NYT editorial board slams McConnell for blocking stimulus with 'political charade' as he goes on vacation
Senator Mitch McConnell (R-KY) addresses the Republican National Convention at the Quicken Arena in Cleveland, Ohio. (mark reinstein/Shutterstock.com)

On Tuesday, The New York Times editorial board tore into Congress for going on vacation while crucial unemployment benefits and stimulus lapsed for millions of Americans.


"Preventing this widespread suffering should be the top priority for lawmakers," wrote the board. "Instead, the Republican-led Senate dragged its feet for months on another aid package. The Democratic-led House of Representatives passed a $3 trillion relief plan in mid-May. It took until July 27 for the Republican Senate leaders to offer their anemic, $1 trillion counterbid, which everyone seems to have a problem with, albeit for differing reasons."

In particular, the board focused on the antics of Senate Majority Leader Mitch McConnell (R-KY).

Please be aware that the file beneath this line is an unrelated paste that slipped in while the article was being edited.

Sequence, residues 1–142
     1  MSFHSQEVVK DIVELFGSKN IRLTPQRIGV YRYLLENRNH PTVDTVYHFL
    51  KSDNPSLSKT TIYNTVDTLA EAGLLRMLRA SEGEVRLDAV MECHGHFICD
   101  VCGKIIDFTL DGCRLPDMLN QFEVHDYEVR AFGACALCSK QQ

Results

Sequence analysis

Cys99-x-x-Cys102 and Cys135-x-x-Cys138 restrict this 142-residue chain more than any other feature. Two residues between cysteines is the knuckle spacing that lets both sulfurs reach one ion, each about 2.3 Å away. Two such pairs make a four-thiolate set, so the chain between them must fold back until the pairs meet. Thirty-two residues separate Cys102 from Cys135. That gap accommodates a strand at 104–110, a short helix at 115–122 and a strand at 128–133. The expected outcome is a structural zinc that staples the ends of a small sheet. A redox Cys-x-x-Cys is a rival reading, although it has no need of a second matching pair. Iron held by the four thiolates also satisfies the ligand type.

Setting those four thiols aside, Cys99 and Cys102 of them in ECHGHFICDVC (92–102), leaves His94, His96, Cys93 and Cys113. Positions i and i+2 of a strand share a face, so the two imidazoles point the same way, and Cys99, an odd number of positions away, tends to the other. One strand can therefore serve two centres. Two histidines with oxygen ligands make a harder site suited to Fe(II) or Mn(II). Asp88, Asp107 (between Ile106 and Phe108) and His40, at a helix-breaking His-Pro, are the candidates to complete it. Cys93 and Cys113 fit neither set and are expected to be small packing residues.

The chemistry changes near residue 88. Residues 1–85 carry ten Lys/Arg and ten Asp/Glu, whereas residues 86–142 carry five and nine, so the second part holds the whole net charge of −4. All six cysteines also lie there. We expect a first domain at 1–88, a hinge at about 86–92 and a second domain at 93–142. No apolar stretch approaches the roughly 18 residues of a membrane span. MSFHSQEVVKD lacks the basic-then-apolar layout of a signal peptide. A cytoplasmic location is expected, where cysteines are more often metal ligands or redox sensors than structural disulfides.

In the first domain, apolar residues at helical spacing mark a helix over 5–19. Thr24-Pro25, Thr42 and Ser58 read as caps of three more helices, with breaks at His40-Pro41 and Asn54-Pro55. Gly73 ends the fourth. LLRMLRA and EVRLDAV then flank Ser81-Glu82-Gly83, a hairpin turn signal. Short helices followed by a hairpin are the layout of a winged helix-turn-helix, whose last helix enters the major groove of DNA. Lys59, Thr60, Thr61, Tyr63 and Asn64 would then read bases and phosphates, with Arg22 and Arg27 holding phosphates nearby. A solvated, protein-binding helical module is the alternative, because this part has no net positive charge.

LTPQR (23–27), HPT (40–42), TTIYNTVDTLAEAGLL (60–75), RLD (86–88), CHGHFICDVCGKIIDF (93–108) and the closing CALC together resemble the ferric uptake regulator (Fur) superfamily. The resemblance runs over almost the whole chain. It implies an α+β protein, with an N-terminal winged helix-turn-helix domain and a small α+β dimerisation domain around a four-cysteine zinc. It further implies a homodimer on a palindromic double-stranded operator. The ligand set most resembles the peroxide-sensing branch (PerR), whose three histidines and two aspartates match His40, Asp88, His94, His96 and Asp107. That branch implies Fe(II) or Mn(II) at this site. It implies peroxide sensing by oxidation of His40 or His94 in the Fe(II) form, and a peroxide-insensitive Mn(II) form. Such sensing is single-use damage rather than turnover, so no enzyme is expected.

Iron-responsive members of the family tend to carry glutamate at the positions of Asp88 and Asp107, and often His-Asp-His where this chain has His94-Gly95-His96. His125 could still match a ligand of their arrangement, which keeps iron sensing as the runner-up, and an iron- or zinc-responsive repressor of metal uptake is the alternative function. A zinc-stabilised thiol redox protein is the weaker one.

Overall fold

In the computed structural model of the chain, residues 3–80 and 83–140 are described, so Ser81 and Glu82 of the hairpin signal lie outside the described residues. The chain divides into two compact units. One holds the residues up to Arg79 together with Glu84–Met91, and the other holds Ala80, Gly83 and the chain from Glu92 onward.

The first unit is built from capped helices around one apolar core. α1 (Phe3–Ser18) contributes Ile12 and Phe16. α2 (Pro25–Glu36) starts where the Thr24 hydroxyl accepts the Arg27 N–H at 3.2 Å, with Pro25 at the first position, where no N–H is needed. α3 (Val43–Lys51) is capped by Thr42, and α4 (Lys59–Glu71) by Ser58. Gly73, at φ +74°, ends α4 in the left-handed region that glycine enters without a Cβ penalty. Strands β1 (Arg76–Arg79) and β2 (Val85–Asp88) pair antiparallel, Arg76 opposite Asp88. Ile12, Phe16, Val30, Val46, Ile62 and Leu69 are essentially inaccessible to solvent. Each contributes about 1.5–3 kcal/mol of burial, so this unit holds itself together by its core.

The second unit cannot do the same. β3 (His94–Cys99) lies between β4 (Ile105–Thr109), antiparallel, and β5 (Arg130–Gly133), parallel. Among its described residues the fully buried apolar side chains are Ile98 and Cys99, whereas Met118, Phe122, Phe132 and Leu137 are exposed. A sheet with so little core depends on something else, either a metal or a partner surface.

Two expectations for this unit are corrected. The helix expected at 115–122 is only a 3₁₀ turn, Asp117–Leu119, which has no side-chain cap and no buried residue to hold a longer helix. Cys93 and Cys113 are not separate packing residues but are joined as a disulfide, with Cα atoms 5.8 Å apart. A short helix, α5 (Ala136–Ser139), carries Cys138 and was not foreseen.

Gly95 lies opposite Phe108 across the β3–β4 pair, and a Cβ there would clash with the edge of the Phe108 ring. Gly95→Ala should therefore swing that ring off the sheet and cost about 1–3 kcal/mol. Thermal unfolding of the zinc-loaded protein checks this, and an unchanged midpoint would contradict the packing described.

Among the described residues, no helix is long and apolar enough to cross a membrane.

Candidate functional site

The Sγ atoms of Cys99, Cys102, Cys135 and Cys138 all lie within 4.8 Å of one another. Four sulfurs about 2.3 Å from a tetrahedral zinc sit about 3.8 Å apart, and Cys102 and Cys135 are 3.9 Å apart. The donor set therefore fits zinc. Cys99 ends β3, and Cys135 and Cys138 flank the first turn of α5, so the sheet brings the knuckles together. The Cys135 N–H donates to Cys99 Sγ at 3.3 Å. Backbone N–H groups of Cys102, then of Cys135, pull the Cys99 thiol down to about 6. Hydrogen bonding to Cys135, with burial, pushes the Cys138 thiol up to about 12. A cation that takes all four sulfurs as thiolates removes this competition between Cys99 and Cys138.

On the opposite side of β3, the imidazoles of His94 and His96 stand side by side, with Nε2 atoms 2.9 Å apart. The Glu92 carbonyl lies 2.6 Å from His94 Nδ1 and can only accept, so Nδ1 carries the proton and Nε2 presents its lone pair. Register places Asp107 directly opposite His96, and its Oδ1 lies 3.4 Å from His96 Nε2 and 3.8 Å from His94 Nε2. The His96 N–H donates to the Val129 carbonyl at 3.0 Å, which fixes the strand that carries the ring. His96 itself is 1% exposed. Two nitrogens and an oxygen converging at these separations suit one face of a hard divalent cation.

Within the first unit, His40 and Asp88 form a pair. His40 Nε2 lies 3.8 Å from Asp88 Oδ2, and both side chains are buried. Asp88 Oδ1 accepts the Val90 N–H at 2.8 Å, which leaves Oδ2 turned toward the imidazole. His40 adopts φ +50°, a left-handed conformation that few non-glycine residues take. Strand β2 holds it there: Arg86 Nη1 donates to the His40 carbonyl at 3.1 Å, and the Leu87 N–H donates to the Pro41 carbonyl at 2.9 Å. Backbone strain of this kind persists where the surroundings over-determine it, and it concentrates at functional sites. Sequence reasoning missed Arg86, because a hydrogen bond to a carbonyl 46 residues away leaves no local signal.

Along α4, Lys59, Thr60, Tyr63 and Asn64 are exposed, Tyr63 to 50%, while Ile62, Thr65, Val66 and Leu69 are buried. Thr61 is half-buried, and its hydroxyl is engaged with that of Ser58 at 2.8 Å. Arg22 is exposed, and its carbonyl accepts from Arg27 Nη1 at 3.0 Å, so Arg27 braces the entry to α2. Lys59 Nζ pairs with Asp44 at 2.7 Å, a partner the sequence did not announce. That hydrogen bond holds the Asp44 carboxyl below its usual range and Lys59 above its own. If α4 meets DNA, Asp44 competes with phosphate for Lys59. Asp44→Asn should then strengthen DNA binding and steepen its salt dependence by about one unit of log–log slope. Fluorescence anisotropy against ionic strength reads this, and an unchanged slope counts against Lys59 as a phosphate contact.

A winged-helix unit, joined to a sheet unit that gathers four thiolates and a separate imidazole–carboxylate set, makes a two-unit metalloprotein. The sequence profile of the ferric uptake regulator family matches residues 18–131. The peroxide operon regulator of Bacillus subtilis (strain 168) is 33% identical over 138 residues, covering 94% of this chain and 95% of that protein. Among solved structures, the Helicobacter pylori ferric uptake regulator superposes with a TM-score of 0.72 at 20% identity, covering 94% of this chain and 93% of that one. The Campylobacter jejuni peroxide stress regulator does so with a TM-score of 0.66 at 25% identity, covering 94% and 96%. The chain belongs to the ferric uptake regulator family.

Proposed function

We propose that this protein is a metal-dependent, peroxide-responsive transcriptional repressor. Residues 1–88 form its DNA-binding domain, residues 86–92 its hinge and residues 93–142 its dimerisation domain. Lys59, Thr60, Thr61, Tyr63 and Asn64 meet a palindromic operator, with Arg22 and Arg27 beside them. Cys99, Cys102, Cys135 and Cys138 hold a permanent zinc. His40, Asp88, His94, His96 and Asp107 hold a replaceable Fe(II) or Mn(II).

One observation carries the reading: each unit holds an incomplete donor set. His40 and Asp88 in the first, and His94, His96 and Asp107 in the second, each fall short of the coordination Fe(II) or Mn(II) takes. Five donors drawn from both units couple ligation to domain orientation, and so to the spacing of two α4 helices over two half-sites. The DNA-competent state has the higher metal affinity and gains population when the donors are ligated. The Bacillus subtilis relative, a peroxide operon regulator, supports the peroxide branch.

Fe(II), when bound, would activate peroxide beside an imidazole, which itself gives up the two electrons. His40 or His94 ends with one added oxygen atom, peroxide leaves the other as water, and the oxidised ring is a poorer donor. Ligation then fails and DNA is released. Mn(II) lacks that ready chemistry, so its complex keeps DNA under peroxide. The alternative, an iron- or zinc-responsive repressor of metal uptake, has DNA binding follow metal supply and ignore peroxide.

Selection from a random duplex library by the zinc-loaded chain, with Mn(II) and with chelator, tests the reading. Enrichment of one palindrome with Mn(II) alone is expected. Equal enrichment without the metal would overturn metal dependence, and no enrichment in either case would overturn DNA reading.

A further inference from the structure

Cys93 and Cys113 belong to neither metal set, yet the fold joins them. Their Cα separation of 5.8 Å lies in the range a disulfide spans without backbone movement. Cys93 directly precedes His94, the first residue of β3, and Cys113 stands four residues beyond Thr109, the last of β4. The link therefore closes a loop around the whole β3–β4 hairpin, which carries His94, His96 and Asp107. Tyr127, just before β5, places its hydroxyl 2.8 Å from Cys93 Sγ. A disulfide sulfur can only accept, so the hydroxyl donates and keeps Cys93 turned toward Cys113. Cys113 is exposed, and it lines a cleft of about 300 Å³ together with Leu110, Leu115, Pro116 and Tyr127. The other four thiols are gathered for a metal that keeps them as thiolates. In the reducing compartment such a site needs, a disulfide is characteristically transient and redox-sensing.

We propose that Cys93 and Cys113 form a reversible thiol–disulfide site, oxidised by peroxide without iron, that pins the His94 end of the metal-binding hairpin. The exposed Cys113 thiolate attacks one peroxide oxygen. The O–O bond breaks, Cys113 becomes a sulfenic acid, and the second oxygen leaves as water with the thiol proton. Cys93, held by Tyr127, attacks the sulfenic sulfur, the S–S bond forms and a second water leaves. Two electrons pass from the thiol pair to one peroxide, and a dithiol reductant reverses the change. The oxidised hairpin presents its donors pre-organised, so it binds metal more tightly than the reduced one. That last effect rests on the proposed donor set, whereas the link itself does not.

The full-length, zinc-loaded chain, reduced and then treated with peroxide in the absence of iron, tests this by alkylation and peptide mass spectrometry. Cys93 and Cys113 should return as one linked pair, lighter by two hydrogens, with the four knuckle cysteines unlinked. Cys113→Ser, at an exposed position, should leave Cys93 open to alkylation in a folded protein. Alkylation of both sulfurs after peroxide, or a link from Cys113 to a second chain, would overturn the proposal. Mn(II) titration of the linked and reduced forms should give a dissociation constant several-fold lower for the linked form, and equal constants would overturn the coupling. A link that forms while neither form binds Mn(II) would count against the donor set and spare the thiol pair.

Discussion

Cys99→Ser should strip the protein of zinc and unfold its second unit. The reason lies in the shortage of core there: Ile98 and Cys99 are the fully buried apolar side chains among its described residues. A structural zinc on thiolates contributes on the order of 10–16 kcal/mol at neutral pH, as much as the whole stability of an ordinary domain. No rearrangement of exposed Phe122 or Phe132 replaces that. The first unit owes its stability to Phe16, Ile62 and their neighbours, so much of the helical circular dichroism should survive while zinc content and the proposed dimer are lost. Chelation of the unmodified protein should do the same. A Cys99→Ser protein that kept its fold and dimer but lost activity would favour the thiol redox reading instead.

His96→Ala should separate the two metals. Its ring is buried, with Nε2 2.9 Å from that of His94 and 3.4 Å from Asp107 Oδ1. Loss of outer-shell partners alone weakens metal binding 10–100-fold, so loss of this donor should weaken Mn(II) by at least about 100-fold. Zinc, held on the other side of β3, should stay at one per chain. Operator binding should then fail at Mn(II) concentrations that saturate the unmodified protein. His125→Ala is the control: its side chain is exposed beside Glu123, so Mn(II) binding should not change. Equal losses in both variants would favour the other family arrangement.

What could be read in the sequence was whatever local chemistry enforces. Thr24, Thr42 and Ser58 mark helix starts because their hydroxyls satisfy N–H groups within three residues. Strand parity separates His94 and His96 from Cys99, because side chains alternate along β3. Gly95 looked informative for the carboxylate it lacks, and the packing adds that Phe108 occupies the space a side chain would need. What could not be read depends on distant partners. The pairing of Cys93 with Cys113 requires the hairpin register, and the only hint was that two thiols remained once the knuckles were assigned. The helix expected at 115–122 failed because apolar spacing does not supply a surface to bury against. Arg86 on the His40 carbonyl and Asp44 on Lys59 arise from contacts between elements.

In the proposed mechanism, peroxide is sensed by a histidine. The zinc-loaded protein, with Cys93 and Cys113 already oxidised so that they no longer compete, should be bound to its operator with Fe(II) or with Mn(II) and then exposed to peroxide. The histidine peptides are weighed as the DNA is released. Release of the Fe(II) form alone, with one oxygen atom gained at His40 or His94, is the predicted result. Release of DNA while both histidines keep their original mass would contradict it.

"The Senate majority leader, Mitch McConnell, is engaged in a political charade in which he proclaims himself a hapless bystander, buffeted by the whims of the White House on one side and House Democrats on the other. He is not even attending key meetings between Democratic leaders and the administration’s top negotiators," wrote the board. "But Mr. McConnell is far from without leverage. He must make clear to his members that they need to compromise and help the millions of their fellow Americans who are stuck in miles-long food lines, a hair’s breadth from eviction, jobless, financially ruined or ill because of this terrible disease. One quick and direct way to send a message: Cancel the Senate’s August recess, or at least postpone it until a deal is reached."

Part of the issue is that McConnell is demanding any bill include a provision giving near-total legal immunity to corporations that negligently spread COVID-19 to employees.

The board concluded that the only solution is to cancel the Senate recess. "Nothing focuses the congressional mind quite like anxiety about one’s own political fortunes. Staying in Washington until they get this crucial piece of the job done is the least that senators can do to show their solidarity with the legions of Americans who are facing far worse this summer than a canceled holiday."

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